Rauh Family Shout-Out
The first piece we accepted at Waterwheel Review was “Forgive the Form,” by Christina Rauh Fishburne. We three editors shared the giddy moment on the phone, delighting in the revelation of our first author’s name when we clicked “accept” in Submittable. Christina was just as excited when she set our mill in motion with her reply: “Forgive the Form is yours!”
Not content with one first, Christina quickly delivered another. We would publish her work with two companion pieces, we’d told her, and we welcomed any suggestions. “My brother is musician Charlie Rauh and he would love to write a companion piece of music if that would work!”
If that would work? Our vision for Waterwheel Review had led, already, to exactly the kind of collaboration and community-building we’d fantasized about. I laughed with joy when I read that understatement. Why, yes, Christina, that would work very well.
“Until the Charm Fades” came to us a few days later. I must have listened to it fifteen times, reveling in every note. And now… here we are again. The mill keeps turning, there is yet another talented Rauh sibling, and Christina logs another Waterwheel Review first: A contributor shout-out.
It is our absolute delight to shout about another collaboration connected to the one sparked by our publication of “Forgive the Form.” Today Charlie Rauh celebrates the pre-release of his EP, “The Silent Current from Within.” As with “Until the Charm Fades,” which is included in this newest album, “Silent Current” is a family affair. The piece is inspired by the work of Anne Bronte, Anne Carson, and sister Christina, and the music in turn inspired another sibling project.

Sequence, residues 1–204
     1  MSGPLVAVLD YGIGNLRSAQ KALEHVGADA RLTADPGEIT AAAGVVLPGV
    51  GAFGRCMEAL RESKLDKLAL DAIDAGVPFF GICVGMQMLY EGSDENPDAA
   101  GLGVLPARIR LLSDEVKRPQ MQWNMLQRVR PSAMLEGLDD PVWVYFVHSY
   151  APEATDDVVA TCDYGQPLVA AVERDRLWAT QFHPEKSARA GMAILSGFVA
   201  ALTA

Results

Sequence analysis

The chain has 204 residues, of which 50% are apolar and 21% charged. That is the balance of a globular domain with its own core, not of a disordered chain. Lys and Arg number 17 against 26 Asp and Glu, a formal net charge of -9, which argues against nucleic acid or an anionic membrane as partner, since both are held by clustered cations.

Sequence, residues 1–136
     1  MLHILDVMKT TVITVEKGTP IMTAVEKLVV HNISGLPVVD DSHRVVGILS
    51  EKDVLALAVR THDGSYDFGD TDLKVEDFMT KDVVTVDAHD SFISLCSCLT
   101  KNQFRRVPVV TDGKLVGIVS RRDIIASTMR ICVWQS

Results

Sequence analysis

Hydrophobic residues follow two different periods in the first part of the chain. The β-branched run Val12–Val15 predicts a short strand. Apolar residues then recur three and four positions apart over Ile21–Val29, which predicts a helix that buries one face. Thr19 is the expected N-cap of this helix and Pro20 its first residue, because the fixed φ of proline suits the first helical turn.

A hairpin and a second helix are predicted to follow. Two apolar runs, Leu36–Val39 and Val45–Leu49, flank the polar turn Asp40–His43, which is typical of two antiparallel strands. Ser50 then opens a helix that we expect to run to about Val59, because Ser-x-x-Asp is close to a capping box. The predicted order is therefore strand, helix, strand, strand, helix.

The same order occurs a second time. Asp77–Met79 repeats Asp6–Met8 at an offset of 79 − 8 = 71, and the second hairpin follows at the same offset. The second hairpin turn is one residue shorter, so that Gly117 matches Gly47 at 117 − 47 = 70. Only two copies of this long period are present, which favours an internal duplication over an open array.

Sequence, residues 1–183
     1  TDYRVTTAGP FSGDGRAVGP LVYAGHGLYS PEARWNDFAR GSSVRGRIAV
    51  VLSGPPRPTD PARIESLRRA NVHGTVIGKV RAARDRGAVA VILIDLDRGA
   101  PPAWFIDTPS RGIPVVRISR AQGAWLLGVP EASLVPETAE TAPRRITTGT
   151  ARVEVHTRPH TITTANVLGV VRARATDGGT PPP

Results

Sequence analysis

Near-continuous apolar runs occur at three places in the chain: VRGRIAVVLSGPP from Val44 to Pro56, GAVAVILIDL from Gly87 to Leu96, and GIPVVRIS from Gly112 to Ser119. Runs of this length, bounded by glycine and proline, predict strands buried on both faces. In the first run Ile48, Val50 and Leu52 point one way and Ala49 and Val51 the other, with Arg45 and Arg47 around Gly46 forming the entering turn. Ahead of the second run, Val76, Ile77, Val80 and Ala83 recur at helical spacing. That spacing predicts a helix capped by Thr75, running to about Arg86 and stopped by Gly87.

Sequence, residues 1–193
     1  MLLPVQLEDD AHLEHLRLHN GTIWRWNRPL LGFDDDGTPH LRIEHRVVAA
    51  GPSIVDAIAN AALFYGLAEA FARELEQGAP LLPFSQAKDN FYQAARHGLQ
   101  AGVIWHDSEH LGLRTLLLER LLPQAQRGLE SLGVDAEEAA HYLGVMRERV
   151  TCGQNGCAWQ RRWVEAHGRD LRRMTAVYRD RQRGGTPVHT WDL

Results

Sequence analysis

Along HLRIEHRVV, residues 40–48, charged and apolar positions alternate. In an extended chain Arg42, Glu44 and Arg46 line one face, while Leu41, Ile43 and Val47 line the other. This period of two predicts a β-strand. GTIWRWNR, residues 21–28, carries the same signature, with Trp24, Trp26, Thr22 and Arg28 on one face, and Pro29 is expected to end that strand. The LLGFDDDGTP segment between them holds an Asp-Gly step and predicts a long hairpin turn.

Charlie asked his brother Chris to write a folktale based on the music and writings, and he asked Christina to create a map based on the folktale’s details of landscape and setting. Check out the pre-release of the EP by Destiny Records. Charlie tells us there will be a limited run of packages that include the album art, an individually crafted map, a handwritten excerpt of the folktale, and a PDF of the complete tale.
I love everything about this project. The line from the Bronte siblings to the Rauh siblings; the spiraling out of vision and collaboration; the leaping from one art form to another and back again. In a time of enduring disconnection, when all of us are suffering one kind of loss or another, when even those of us who have stayed well and mostly whole are beginning to fray…. Well. We can still make beautiful things. And share in the joy of it.